“Gordon, I’m going to take you down to the counselor’s office.” Gordon stepped away. “I must insist on this, Gordon.”

    Gordon followed to the counselor’s outer office, where he crossed to a chair and slouched in his angle of repose. Leaving Gordon in the care of the secretary, Mr. Kunst returned to teach the intricacies of the semicolon.

    Gordon shunned his locker for the few remaining weeks of his and Arabella’s junior year and found a different locker for his senior year.

    Arabella graduated first in the class and charged off with relish into higher and even higher education. In later years she wrote Clair well-crafted and interesting letters, always including warm gratitude for his teaching, as if an Arabella Tews-Moreno needed teachers.

    It was a letter from Gordon Cussins he wished to receive but knew he would not.

    Liked by 1 person

    1. Nice, Clyde. A friend of mine (actually a guy who had been one of my daughter’s favorite teachers) had to quit the profession because there were so many kids who had so many needs. He helped them as long as he could, then gave it all up.


  13. One of the strangest days in my life was when everyone in my class got their senior yearbook. On the last day of school we ran around signing each other’s yearbooks. These were people that I’d known most of my life, some of them from when I was five. There was a real prospect that I wouldn’t see these ever again. A lot of people wrote notes with forced cleverness or dumb humor. Some people wrote nice notes. I was too embarrassed by the situation to read what people had written until I got home.

    I was eager to read what a kid named Conrad had written. Conrad was a nice guy but someone I had never had the nerve to approach. He and I never shared a project or anything that would bring us together. But when I saw him at a distance I always kicked myself for not getting to know him. He was someone I looked up to. Conrad seemed a lot like me. He even looked like me.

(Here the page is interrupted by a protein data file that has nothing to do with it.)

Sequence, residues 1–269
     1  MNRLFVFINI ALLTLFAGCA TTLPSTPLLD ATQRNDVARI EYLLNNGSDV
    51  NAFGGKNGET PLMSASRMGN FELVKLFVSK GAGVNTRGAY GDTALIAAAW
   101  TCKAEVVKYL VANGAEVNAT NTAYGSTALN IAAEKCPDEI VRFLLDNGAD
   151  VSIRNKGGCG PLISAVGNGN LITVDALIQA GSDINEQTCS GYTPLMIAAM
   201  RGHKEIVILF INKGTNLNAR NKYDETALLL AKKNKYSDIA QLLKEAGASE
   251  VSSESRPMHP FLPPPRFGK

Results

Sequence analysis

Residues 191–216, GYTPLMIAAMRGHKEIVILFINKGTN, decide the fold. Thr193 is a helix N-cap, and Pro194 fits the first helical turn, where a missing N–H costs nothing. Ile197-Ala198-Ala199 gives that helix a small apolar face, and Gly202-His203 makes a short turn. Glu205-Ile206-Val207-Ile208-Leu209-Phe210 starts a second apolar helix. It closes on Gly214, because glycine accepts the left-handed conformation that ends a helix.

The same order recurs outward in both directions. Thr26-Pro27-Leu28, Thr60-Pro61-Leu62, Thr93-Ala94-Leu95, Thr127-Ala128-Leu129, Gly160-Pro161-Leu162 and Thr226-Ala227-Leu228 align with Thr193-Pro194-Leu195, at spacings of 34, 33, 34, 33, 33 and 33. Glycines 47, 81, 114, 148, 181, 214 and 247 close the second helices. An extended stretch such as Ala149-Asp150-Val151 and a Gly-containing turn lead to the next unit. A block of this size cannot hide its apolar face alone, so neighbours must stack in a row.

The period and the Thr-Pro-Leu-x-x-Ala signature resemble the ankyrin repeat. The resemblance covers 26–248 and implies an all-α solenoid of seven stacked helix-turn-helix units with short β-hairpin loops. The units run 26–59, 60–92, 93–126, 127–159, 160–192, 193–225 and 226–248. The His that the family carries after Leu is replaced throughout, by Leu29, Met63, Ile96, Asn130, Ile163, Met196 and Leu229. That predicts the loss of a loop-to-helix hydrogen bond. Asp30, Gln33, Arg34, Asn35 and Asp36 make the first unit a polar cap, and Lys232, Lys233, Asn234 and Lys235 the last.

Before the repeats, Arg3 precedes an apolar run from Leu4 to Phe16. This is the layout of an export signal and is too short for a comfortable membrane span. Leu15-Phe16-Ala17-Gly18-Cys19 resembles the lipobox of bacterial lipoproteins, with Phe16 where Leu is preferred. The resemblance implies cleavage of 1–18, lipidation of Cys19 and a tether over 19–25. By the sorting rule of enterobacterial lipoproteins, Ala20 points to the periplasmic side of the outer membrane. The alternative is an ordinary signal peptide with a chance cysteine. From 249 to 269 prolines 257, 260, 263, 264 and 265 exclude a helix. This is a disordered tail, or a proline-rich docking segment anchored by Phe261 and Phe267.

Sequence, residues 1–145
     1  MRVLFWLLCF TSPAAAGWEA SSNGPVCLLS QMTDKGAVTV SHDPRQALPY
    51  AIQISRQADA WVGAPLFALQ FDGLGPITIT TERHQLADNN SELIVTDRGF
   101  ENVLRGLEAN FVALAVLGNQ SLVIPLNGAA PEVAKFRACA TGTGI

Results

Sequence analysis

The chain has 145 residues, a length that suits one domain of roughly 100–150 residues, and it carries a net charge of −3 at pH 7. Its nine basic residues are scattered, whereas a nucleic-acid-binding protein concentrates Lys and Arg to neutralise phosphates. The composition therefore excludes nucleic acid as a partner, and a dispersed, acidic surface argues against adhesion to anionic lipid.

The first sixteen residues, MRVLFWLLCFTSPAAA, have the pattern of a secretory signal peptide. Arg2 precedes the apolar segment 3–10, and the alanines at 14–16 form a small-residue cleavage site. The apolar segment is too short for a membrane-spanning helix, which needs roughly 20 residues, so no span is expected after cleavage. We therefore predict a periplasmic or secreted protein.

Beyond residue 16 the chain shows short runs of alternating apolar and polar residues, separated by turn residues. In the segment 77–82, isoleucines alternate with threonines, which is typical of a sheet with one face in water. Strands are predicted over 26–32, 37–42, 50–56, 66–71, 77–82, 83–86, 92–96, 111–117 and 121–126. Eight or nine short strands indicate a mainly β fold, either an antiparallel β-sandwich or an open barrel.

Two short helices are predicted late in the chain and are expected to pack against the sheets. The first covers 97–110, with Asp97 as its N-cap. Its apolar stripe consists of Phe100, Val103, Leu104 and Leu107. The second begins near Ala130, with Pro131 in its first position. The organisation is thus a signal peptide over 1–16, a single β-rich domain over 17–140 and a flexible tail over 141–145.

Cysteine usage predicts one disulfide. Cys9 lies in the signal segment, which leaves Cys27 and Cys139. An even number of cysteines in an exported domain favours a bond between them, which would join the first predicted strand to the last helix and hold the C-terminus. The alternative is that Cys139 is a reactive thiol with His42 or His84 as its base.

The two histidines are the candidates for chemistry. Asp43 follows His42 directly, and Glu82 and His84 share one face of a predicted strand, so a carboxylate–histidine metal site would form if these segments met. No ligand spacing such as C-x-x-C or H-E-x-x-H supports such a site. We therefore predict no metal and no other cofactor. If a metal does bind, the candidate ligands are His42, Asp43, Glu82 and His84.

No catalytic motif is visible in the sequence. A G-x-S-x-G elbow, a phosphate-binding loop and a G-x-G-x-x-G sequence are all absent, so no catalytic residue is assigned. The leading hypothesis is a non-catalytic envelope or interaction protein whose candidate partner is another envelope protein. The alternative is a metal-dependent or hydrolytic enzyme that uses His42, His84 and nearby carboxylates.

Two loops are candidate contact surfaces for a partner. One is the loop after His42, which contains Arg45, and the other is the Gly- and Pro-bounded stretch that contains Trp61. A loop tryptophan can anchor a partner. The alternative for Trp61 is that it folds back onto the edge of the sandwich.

I wrote something bland in his yearbook. Then, back home, I read what he had written in mine.

    Conrad had poured his heart out. He said he was unhappy with himself for not getting to know me. He had always looked up to me. He thought we could have been friends, maybe even best friends, but he’d been shy about meeting me.

    When I read that I just had to groan.

    Liked by 2 people

  14. I was miserable throughout high school. My self esteem was non-existent even though I was on the edges of the popular group. I sometimes think even that was due to my mother’s eagerness to let me have the best sleepovers in town. I carried a strong belief that, if I could just be a cheerleader, I’d be popular. Three years in a row, I tried out. Three years in a row, I failed to even be chosen as a substitute and was crushed.

    Starting in 9th grade, I “went steady” with a jock two years older than myself. “Going steady” in today’s terms is called “Liking” somebody. Funny how words change?

    “Ronnie” became my everything. We couldn’t spend enough time together and were attached like velcro. I was terribly dependent on him for attention and affection throughout those two years. When my parents moved me from Ames to Wayzata, it ripped my heart out to leave Ronnie behind. It also took away my entire childhood of friends and familiarity.

    Moving here as a junior didn’t allow enough time to really bond with new people, so I didn’t fit in. As I had in Ames, the girls here had with each other: years of bonding. I never got over leaving Ames but, oddly, never went back until the 20th. reunion.

    After graduating, I commuted to the U of M every day. Because of the sheer size of the student body and still living at home, I didn’t make friends there either. Only one year later, I got pregnant and married a young man whom I’d divorce after 10 years and 3 babies. Sometimes I think that subconsciously this was my only way out of living at home.